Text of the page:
We welcome back Steve Barcia on the show as he discusses toxic relationships with Jake. They give insightful advice and tips if you think you are in a toxic relationship or if you think you were in one. Their discussion will give you a better insight on having a healthier relationship with others, your partner and yourself.
A toxic relationship is any relationship that is unfavorable to you or others. The foundations of any relationship, healthy or not, are most commonly established upon mutual admiration and respect, but can, in time, become remarkably unhealthy. It is the poisonous atmosphere that distinguishes a merely bad or troublesome relationship from a toxic relationship. Toxic relationships can prevent those involved from living a productive and healthy life.
No one intentionally enters into a bad relationship, and every couple hits a rough patch from time to time. But there’s a difference between coping with some temporary glitches and being stuck in a relationship that’s turned toxic. Yet some people linger long after the warning signs arise.
Relationships for all, are of course trial and error from the get go. And if you’re like most people, it’s been mostly error.
But part of the problem is that many unhealthy relationship habits are baked into our culture. As a society we worship romantic love, you know, that kind of irrational romantic love that somehow finds breaking china plates on the wall in a fit of tears somewhat endearing and scoff at practicality or unconventional sexualities.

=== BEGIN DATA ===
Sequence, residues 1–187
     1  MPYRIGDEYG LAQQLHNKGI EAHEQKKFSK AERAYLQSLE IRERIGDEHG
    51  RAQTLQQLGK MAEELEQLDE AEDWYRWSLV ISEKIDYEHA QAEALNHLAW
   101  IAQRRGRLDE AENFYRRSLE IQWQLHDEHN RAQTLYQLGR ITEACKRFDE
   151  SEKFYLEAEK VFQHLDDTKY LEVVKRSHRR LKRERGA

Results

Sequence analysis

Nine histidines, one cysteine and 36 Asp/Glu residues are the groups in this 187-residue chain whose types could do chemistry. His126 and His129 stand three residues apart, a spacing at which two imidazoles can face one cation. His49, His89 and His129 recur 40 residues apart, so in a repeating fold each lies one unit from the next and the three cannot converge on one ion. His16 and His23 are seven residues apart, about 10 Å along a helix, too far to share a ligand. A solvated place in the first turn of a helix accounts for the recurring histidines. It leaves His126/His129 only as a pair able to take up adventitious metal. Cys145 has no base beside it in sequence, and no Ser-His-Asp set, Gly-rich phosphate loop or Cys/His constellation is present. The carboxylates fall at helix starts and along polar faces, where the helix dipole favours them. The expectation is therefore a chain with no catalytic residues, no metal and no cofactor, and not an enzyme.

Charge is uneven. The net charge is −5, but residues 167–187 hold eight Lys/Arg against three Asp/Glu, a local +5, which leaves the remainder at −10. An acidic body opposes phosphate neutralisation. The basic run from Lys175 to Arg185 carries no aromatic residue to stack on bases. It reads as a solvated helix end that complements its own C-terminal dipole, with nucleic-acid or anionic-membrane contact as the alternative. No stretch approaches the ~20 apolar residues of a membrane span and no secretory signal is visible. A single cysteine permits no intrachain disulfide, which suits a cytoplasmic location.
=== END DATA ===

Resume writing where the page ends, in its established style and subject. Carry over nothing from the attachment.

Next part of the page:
Men and women are raised to objectify each other and to objectify their relationships. Thus, our partners are often seen as assets rather than someone to share mutual emotional support.
People who are toxic are rarely aware of their own toxicity. They are too self-absorbed and preoccupied with their own emotions, interests, needs, and goals to be aware of the needs, goals, interests, and emotions of others.
If you are experiencing a toxic relationship, but feel a need to maintain the connection, you should consider seeking a professional for therapy.
Any healthy relationship involves work, discipline, motivation, purpose, intent, and desire. If a relationship has experienced health in the past, it is possible to return it to a healthy, happy, and prosperous climate. Notably, if a relationship has never experienced a healthy atmosphere, it may not be possible to achieve such a climate. Nevertheless, you should act as an investigator, deciding whether the relationship has the potential to reach a healthy climate.
The probability of achieving a healthy level, and the possibility of everyone on board participating in and working toward a healthy atmosphere. It is important to recognize that all therapy will take time, patience, understanding, compassion, empathy, and care.
If you expect to return a dysfunctional relationship to health through an expedited approach, the likelihood of achieving your objective is slim.
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